Housing Crisis Redux

by Mike Stankavich on April 13, 2010

It’s been a while since I wrote about my housing crisis frustrations.  Thankfully I got things wound down with my property that I was selling (more details here and here).  At the end of the day, my HELOC lender refused to release liability so I ended up up filing Chapter 7.  I couldn’t see spending the rest of my life paying off a loan for a house I no longer own.  If the banks and Wall Street hadn’t played games that tanked the market, I wouldn’t have been underwater in the first place, so I don’t feel particularly bad about making that move.  It gives me a fresh start and allows me to move on.

If you’re in a bad housing situation, don’t just wait and hope it will get better.  There are no guarantees and few indications that things will significantly improve any time soon.

I have three friends that are also involved with short sales.  One is selling and two are buying.  The friend that is selling has a clean offer, but it’s for less than the lender thinks the house is worth.  The lender needs to do their homework – the house needs a lot of repairs and won’t bring the money that the lender thinks that it will.

One of my buyer friends just finished his purchase.  It turned out to be quite an ordeal, in part because he used VA financing.  The VA inspector demanded some repairs which the lender and the seller refused to pay for.  He had a solid approval, so he chose to go ahead and pay for the repairs out of pocket.  That was a brave and in my opinion risky choice, but it worked out.  He closed a couple weeks ago and is now moved in.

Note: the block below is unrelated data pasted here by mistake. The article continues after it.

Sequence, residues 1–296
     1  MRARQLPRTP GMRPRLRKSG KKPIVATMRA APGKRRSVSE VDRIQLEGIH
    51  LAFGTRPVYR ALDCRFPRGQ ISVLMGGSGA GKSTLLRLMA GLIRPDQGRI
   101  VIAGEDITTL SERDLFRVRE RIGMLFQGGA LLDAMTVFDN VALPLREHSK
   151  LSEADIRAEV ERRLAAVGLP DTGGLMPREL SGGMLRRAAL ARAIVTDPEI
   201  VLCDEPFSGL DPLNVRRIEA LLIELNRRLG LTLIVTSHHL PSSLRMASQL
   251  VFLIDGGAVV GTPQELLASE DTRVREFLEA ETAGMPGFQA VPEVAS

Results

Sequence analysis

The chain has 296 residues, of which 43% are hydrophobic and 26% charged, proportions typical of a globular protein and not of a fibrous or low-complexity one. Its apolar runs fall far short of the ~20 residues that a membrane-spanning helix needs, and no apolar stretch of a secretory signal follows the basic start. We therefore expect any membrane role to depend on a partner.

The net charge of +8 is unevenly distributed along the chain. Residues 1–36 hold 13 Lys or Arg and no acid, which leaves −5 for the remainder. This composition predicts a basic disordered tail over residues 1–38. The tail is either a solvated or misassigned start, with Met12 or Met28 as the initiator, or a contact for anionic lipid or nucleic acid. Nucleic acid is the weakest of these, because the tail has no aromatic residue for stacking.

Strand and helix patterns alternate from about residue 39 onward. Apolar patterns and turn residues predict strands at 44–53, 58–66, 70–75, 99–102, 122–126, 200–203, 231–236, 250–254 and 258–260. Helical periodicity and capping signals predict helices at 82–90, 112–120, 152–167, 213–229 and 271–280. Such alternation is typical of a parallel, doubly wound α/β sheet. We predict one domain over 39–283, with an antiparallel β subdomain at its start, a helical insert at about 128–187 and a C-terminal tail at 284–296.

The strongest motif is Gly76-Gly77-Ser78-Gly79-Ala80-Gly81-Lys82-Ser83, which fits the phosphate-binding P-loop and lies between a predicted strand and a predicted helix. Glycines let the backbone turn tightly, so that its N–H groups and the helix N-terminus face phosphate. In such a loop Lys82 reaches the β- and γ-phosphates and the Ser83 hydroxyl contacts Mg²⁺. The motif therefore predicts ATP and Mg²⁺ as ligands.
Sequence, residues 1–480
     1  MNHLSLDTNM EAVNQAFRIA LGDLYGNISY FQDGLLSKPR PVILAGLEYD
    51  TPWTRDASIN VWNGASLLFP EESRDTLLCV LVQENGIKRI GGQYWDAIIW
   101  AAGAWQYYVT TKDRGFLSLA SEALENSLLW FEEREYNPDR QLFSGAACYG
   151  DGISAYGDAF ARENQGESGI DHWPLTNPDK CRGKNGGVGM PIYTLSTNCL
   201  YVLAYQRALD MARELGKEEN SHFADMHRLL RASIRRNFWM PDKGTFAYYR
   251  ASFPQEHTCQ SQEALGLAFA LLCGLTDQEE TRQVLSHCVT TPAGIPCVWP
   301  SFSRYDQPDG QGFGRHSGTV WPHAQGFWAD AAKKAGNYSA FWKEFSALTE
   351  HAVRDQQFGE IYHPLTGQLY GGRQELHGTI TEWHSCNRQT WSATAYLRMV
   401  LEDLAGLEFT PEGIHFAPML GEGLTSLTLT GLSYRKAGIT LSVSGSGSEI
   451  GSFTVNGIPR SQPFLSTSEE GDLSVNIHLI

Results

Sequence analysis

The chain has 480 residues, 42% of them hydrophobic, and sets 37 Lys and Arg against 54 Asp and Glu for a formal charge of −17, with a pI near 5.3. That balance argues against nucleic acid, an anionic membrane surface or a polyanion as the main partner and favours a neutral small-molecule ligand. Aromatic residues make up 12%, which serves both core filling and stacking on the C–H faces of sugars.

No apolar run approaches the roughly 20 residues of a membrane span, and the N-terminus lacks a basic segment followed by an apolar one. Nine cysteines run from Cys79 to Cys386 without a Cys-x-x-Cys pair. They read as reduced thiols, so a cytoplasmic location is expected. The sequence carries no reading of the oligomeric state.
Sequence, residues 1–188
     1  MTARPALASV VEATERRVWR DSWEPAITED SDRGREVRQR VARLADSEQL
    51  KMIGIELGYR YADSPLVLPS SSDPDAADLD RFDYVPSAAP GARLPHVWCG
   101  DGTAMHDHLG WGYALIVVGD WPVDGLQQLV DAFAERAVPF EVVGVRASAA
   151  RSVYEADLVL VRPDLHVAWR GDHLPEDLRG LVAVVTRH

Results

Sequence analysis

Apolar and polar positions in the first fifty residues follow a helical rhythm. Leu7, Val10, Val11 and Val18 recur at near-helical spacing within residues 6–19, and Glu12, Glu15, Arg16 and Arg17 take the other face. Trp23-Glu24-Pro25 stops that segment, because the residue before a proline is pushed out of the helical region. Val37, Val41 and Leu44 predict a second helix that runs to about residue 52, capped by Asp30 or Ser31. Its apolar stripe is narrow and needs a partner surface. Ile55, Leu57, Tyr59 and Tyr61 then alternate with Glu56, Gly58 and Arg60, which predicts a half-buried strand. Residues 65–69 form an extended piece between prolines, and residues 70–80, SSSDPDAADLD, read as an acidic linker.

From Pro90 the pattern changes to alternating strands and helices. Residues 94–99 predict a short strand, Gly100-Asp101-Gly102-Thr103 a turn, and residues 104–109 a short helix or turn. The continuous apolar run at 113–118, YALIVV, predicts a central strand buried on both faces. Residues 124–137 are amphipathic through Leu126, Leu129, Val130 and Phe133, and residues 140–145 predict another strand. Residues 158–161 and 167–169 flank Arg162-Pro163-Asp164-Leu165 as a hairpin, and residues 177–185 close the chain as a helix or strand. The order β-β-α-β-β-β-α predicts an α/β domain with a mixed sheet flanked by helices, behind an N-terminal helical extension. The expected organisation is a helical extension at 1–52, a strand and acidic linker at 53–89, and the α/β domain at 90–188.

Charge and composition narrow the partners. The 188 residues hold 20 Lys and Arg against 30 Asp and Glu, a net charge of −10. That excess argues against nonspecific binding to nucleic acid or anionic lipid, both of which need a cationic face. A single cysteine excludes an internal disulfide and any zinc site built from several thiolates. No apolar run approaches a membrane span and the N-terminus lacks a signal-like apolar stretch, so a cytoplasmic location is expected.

My other buyer friend is thus far in a less desirable position.  He found a house that he very much likes, put together a deal, and made an offer.  Again, the second won’t release liability.  But in his case, the seller refuses to close unless both the first and second mortgage holders release her from liability.  I really don’t understand why these second mortgage holders take this approach.  In most cases, the homeowner would keep the house and keep making the payments if they were not in financial distress.  How can lenders think that they will really recover enough from a homeowner that has already decided to walk for it to be worth the effort?  I just don’t understand the rationale.  All I can think of is that they want to keep the loans on their books as an asset regardless of whether they are performing or not.  You can read more about this sale at http://wellsfargolies.blogspot.com/.

All in all, the pain is far from over.  There just aren’t any economic indicators showing that demand will increase, and it will likely decrease when the tax rebates expire.  I’ll be interested to see how things play out over the next few years.

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